dog with adopt me vest
Dog awaiting adoption (Photo: Ryan O’Connell CC-BY-SA)
An ounce of prevention is worth a pound of cure.

We’ve all heard it, but we don’t always apply it successfully to our own lives. However, prevention, often in the form of management, is a key aspect of training and behavior modification. This is especially important when we bring a new pet into our lives.

Of course, no new pet, whether 8-weeks-old or 8-years-old is a completely blank slate; but, when we bring a new pet into our homes, we are creating new relationships and setting new patterns for behavior. At this point, we have the opportunity to act to prevent many behaviors that can cause problems in the future.

One important step in this process is taking stock of the environment your new pet will be entering. Are there items a puppy or an anxious dog might chew? Expensive or irreplaceable items that might be knocked over or destroyed? For cats, is there an easily accessible litterbox that is not being used by any resident cat(s)? Move, remove, or rearrange these items before the new pet arrives home to help create an environment where the new pet can be successful.

If one or more pets is already living in the home, how will they be introduced? The best method of introduction will vary based on the animals involved.

cat in cage
Cat awaiting adoption (Photo: Galawebdesign CC-BY-SA)
New cats should be given their own room for at least a few days while they adjust to their environment. If the cat has been exposed to any cat colds or other viruses, this will also provide enough time for symptoms to show before resident cats are exposed.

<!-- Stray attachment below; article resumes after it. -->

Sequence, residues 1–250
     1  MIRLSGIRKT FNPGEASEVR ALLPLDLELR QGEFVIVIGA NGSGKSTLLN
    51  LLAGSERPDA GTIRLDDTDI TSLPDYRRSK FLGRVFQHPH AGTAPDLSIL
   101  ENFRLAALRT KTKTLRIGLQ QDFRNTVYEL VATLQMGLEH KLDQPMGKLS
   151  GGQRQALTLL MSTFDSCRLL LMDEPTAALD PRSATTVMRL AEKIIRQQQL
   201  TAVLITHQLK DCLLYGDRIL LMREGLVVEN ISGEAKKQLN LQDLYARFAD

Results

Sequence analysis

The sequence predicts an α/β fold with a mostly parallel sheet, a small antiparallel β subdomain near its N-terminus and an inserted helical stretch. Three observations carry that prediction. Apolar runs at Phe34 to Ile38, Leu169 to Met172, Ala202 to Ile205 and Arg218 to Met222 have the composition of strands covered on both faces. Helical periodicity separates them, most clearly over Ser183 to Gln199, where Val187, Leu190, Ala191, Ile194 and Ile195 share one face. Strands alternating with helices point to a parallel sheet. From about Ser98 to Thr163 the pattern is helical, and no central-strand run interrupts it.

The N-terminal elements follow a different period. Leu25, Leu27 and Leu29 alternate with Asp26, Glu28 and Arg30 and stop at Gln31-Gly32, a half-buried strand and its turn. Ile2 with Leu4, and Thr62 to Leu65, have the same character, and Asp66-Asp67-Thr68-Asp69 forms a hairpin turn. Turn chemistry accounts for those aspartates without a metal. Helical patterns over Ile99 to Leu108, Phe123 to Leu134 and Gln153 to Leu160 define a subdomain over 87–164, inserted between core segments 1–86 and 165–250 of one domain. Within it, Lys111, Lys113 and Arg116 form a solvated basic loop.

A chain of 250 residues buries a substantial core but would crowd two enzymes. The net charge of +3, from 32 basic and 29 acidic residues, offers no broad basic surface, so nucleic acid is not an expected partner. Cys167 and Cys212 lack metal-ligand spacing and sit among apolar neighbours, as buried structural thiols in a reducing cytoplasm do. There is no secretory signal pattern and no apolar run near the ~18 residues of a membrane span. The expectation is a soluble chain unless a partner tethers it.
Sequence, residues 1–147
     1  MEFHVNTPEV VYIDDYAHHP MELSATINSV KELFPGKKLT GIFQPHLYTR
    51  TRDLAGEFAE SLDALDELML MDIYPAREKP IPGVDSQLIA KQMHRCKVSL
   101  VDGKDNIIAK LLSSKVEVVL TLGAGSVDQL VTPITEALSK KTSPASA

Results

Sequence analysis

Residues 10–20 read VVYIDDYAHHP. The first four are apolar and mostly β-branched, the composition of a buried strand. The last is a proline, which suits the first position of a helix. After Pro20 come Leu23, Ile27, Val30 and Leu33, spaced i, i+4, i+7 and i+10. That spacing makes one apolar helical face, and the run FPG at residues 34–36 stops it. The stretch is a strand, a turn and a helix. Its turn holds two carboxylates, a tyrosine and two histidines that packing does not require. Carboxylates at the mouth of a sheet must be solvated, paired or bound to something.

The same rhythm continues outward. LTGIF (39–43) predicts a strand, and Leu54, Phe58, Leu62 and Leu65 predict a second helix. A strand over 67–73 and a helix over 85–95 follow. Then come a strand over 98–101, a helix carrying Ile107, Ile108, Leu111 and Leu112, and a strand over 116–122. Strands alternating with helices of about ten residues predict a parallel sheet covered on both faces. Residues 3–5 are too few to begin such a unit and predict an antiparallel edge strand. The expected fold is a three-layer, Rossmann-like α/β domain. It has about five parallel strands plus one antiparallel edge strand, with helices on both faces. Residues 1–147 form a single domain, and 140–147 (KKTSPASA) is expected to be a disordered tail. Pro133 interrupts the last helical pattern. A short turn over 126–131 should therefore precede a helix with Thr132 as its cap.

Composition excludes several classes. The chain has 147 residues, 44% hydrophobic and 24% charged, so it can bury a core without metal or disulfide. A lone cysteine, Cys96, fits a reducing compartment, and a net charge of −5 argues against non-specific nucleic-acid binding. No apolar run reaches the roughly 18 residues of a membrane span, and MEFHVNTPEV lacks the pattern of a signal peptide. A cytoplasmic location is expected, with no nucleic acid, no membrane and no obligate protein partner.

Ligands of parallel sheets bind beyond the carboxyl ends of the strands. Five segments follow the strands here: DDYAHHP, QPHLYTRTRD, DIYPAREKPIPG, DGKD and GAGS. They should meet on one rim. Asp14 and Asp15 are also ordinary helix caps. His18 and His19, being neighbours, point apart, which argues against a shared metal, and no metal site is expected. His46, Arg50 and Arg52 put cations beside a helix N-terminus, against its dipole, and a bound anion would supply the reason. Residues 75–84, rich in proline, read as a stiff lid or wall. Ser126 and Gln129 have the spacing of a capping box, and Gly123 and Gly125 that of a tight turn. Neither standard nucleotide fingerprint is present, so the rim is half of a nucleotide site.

Whenever possible, dogs should be introduced in a neutral location. Even if they get along, dogs should not be left together unsupervised in the early stages of their relationship. If problems develop, they may escalate before anyone gets home to interrupt.

You will also want to consider the schedules and expectations of the human residents of the home. People often elect to bring their new pet home at the beginning of a long weekend or when they otherwise have time off. This can provide a great opportunity to bond with the new pet, but the new pet will be stressed when everyone heads back to their regular routine. Establishing an approximation of your regular routine, including typical mealtimes and plenty of comings and goings, will help the new pet adjust.

There is a lot more to this topic, which I will explore in future posts, but feel free to post your suggestions in the comments!

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